Born: February 1, 1972, Monrovia, Liberi
Occupation: Activist, Social Worker, Women’s Rights Advocate; Founder and President of Gbowee Peace USA; Executive Director of Women, Peace and Security Program at the Earth Institute at Columbia University
Awards: 2011 Nobel Peace Laureate
Leymah Gbowee is a shining example of how peace and unity can overcome hate and triumph. Liberia is a country in Africa that experienced a civil war from 1989 to 1997 and then again from 1999 to 2003 (referred to as Liberia’s second civil war).
As Liberia’s Second Civil War began, Leymah was a poor, young mother of four living with her parents. After witnessing the horrors of war and the abuses to women, Leymah committed to paving the way for women to live in a world with less fear and more hope and opportunities. Through unity and peace, Leymah started a movement credited with ending Liberia’s 18 year-long civil war. In a 2011 interview aired on CBS, Leymah stated that “violence will never settle peace.” Leymah’s trauma healing work began in 1998, through providing counseling to former boy soldiers. Leymah persisted that peace was the answer and it should, and could be, achieved together.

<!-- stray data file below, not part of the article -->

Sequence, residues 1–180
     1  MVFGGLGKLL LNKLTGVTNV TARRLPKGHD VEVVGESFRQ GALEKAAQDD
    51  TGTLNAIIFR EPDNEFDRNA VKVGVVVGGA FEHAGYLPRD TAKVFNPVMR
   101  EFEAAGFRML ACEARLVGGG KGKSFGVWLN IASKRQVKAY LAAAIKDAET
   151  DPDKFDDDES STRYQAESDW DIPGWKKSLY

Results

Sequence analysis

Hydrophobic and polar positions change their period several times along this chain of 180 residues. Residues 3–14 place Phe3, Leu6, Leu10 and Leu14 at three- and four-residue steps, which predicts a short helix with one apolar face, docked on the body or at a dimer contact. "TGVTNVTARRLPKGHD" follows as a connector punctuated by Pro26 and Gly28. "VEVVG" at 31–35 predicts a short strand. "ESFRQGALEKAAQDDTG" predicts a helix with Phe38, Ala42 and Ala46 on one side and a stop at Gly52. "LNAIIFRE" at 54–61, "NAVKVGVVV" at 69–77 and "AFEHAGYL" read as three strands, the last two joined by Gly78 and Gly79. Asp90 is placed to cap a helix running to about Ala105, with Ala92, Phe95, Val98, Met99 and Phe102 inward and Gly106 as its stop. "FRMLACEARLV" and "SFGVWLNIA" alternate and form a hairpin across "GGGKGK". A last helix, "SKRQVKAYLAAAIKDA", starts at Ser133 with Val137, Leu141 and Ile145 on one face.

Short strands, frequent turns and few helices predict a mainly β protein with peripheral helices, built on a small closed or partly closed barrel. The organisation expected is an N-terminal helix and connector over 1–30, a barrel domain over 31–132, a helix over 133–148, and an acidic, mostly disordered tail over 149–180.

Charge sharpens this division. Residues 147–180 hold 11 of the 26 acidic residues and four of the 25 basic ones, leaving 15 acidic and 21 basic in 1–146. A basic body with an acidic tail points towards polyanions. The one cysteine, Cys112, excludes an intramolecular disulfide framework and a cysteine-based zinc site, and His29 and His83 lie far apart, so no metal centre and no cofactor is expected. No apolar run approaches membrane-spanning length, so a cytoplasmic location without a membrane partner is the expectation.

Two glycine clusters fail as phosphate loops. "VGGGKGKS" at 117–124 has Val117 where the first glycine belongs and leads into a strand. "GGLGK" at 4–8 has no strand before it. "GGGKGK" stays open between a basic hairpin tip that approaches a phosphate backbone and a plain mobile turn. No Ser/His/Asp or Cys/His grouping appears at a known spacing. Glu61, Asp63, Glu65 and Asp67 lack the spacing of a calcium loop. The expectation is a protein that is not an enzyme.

A significant turning point in the movement came when Leymah brought Muslim and Christian women together to form the Women of Liberia Mass Action for Peace in 2003. The women assembled peacefully and got their husbands onboard to pay attention by staging a sex strike. The Women of Liberia Mass Action for Peace advocated for peace talks and successfully set up a meeting that brought together the current president of Liberia, Charles Taylor, and the rebel soldiers to negotiate a peace deal. Over 200 women showed up in solidarity to ensure that their voices were heard and their rights were met. The peace talks were successful, and Liberia’s long civil war came to an end.
The actions of Leymah Gbowee and the Women of Liberia Mass Action for Peace have been models for women’s rights, peace, and security. In 2011 Leymah was honored with the Nobel Peace Prize for her actions and activism. She continues to be a devoted advocate for women’s right to peace and security.
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Featured photo by Fronteiras do Pensamento from Wikipedia